GLOSSARY

Pinellas County Budget Forecast FY2014-2023 G-7

TAXES - Compulsory charges levied by a government for the purpose of financing services performed for the common benefit TOXIC ASSETS ndashThe term toxic asset was coined in the financial crisis of 200809 in regards to mortgage-backed securities collateralized debt obligations and credit default swaps all of which could not be sold after they exposed their holders to massive losses A toxic asset is one that becomes illiquid when its secondary market disappears Toxic assets cannot be sold as they are often guaranteed to lose money Many hedge funds banks and financial institutions invested heavily in mortgage-backed securities and collateralized debt obligations often using borrowed money and thus increasing their exposure This strategy proved profitable during the housing boom but resulted in enormous losses when house prices began to decline and mortgages began to default These ldquotoxic assetsrdquo were purchased by banks around the world contributing to a general sense of panic as mortgage defaults rose and liquidity fell TRANSFERS - Because of legal or other restrictions monies collected in one fund may need to be expended in other funds This is accomplished through Transfer-In (a source of funds) for the recipient fund and an equal Transfer-Out (a use of funds) for the donor fund When this movement occurs between different funds it is known as the Interfund Transfer UNINCORPORATED AREA - That portion of the County which is not within the boundaries of any municipality

GLOSSARY

Pinellas County Budget Forecast FY2014-2023 G-8

GLOSSARY

Pinellas County Budget Forecast FY2014-2023 G-1

AD VALOREM TAX - A tax levied in proportion to the value of the property against which it is levied ADOPTED BUDGET - The financial plan for the fiscal year beginning October 1 It is required by law to be approved by the Board of County Commissioners at the second of two public hearings AMENDMENT ONE ndash Approved by the voters of Florida on January 29 2008 and made the following changes which reduced taxable property values and revenues available to local government o ldquoDoubledrdquo the existing $25000 homestead exemption (except for school taxes)

o Allows for up to $500000 of the Save Our Homes exemption to be applied to another property (portability)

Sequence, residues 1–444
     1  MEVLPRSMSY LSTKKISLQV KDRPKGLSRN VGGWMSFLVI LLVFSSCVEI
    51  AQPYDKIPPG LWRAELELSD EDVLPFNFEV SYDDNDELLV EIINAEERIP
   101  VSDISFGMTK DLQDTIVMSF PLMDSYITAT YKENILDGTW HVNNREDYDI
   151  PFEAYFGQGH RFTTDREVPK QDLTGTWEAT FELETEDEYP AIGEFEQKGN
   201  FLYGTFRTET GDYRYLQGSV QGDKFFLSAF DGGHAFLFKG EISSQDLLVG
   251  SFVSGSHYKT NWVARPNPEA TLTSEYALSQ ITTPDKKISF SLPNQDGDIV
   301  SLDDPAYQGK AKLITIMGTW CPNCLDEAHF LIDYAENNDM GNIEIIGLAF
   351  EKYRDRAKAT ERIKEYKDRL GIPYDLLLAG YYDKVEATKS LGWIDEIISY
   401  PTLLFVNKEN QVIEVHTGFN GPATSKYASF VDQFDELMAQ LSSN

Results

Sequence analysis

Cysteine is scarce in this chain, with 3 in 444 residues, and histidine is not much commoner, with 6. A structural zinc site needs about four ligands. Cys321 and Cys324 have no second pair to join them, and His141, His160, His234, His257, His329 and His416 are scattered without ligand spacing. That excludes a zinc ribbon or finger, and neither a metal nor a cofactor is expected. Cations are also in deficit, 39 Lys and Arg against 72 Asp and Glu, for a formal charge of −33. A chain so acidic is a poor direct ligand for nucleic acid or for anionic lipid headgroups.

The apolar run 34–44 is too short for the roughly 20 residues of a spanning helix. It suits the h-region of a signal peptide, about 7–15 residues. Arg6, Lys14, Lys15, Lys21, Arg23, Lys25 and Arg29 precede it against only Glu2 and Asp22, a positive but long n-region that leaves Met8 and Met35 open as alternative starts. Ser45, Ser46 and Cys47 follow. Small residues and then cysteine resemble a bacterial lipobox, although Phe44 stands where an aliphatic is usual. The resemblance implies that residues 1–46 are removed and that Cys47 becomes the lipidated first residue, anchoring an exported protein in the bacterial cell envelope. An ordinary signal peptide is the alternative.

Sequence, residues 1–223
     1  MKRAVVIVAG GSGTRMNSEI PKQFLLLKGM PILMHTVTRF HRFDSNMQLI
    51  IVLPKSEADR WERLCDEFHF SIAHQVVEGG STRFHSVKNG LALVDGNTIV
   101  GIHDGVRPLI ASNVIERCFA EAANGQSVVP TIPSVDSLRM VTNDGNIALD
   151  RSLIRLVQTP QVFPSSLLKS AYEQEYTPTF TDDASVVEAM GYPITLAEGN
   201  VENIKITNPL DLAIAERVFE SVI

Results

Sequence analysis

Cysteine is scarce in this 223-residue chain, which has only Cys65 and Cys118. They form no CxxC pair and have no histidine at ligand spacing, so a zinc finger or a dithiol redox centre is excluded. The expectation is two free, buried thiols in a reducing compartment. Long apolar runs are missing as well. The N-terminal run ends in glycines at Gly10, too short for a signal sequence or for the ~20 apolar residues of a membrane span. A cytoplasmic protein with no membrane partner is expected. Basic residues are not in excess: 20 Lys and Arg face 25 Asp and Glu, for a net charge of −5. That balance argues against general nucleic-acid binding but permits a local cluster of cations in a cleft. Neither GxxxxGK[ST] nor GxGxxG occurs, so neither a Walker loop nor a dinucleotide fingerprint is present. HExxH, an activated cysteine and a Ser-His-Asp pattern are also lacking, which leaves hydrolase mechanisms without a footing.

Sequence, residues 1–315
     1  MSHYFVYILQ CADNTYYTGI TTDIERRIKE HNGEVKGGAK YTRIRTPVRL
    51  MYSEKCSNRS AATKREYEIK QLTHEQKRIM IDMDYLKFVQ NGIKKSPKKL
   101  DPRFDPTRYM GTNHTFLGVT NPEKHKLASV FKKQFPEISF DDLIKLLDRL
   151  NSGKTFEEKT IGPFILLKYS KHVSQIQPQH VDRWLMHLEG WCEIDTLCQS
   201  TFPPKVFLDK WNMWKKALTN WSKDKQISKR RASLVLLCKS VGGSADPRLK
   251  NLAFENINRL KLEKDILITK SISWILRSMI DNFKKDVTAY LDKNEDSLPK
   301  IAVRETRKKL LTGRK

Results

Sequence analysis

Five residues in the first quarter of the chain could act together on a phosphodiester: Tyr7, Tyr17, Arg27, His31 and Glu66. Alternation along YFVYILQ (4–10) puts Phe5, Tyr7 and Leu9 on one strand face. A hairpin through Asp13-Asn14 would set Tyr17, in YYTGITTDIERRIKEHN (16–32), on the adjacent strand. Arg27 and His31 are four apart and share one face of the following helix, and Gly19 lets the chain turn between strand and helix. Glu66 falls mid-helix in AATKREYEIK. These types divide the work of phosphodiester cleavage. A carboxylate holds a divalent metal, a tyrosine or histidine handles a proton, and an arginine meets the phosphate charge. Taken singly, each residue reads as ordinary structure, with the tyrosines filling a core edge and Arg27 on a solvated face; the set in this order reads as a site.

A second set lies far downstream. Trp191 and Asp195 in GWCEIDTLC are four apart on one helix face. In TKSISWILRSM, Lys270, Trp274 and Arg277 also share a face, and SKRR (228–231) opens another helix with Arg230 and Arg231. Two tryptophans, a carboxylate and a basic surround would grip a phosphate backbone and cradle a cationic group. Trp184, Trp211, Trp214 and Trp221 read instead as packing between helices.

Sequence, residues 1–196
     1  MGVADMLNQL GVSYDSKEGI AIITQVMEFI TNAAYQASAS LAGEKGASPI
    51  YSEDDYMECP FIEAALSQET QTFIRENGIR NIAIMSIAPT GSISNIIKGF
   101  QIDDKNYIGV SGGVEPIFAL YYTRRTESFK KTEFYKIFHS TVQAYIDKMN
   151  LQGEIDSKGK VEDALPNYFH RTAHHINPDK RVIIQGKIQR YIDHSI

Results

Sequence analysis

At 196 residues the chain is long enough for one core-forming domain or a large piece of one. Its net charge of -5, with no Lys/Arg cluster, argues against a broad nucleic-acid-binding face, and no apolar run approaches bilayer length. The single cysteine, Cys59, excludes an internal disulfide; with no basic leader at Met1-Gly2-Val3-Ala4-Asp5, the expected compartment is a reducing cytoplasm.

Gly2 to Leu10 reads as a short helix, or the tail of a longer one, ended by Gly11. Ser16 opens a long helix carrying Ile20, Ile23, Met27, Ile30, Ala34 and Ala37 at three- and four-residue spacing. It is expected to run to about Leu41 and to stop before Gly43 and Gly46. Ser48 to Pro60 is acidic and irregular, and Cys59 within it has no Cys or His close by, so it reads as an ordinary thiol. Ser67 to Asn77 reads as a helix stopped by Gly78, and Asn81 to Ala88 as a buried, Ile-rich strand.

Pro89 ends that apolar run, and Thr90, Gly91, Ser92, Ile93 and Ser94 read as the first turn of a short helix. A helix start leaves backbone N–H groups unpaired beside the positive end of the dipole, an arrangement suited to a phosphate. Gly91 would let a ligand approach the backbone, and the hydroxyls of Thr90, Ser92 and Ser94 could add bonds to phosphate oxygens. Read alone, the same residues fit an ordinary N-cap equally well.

o Imposed a 10 cap on assessments for non-homestead property (school taxes exempt)

o Instituted a new tangible personal property exemption of $25000 AMERICAN RECOVERY amp REINVESTMENT ACT OF 2009 - In February 2009 Congress passed the American Recovery and Reinvestment Act (ARRA) of 2009 at the urging of President Obama who signed it into law on February 17th A direct response to the economic crisis the Recovery Act has three immediate goals (1) Create new jobs as well as save existing ones (2) Spur economic activity and invest in long-term economic growth and (3) Foster unprecedented levels of accountability and transparency in government spending

AMT - Alternative Minimum Tax An income tax imposed by the United States federal government on individuals corporations estates and trusts AMT is imposed at a nearly flat rate on an adjusted amount of taxable income above a certain threshold (exemption)

APPROPRIATION - The legal authorization granted by a legislative body to make expenditures and to incur obligations for specific purposes An appropriation is usually limited in the amount and as to the time when it may be expended It is the act of appropriation that funds the budget ARM - Adjustablendashrate mortgage ASSESSED VALUE - A valuation set upon real estate or other property by a government as basis for levying taxes Taxable valuation is calculated from an assessed valuation The assessed value is set by the Property Appraiser BEGINNING FUND BALANCE - The Ending Fund Balance of the previous period (See Ending Fund Balance definition) BOARD OF COUNTY COMMISSIONERS (BCC) - The Board of County Commissioners is the seven (7) member legislative and governing body for Pinellas County BOND - Written evidence of the issuers obligation to repay a specified principal amount on a certain date (maturity date) together with interest at a stated rate or according to a formula for determining that rate

GLOSSARY

Pinellas County Budget Forecast FY2014-2023 G-2